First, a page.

Tanya Goel’s works are notable for their exploration of a rigorous abstraction that is deeply invested in the process of their creation. The artist makes her own pigments from a diverse array of materials including charcoal, aluminum, concrete, glass, soil, mica, graphite and foils, many sourced from sites of architectural demolitions in and around New Delhi. She is interested in the textures of her pigments as well as their colors, which is a direct result of how they reflect light. Her compositions, noted for their density and complexity, are mathematical formulas which are established and then violated, resulting in a balance between structure and chaos. Goel’s paintings can also be read as linguistic systems, as meaning is constructed only through laborious repetition.
The artist is interested in the idea of the Screen, which painting has always been analogous with. We can trace the Screen through the trajectory of Art History from the flatness of Egyptian art to the simulated three-dimensional space of the Renaissance, back to the flatness of Modernist Abstraction. Goel’s works elaborate a dialogue for painting acknowledging the digital screens in which most of our information and images now reside, exploring both the limitations and the freedoms to be found within this flux.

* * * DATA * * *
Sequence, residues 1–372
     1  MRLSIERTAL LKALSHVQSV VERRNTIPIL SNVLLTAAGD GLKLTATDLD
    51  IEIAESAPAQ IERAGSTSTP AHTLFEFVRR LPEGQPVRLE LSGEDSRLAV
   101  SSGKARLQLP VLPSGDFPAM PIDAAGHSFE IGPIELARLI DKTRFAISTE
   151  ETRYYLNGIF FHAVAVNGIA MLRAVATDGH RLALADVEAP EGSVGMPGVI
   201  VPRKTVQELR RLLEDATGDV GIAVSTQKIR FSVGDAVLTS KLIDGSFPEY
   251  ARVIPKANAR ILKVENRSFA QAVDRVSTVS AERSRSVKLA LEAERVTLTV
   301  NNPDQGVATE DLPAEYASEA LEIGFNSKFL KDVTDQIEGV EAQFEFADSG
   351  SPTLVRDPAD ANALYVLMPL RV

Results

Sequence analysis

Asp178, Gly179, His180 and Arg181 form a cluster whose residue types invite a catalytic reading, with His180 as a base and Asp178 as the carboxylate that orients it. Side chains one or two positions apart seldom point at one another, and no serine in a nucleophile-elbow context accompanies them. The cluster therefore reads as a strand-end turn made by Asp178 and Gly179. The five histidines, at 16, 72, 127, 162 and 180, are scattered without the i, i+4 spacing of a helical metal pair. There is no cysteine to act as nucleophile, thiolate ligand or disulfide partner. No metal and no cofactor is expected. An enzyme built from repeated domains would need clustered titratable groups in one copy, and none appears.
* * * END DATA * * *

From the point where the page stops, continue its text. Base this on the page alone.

This artwork description is an excerpt from Tanya Goel’s page on Nature Morte.
Tanya Goel was born in New Delhi in 1985 and studied at the Faculty of Fine Arts, MS University, Baroda and the School of the Art Institute of Chicago, before completing her Master’s Degree in Fine Arts from Yale University in 2010. She has had one solo show with Nature Morte in New Delhi (2017) and two with Galerie Mirchandani + Steinruecke in Mumbai (2011 and 2015). Her works are in the collections of the Kiran Nadar Museum of Art, New Delhi; The Philadelphia Museum of Art, Philadelphia, PA; The Art Gallery of Alberta, Canada; and the UBS Bank, Zurich. She was a participating artist in both the Sydney and Gwangju Biennales in 2018.
This artwork has been sourced from from Tanya Goel’s page on Nature Morte .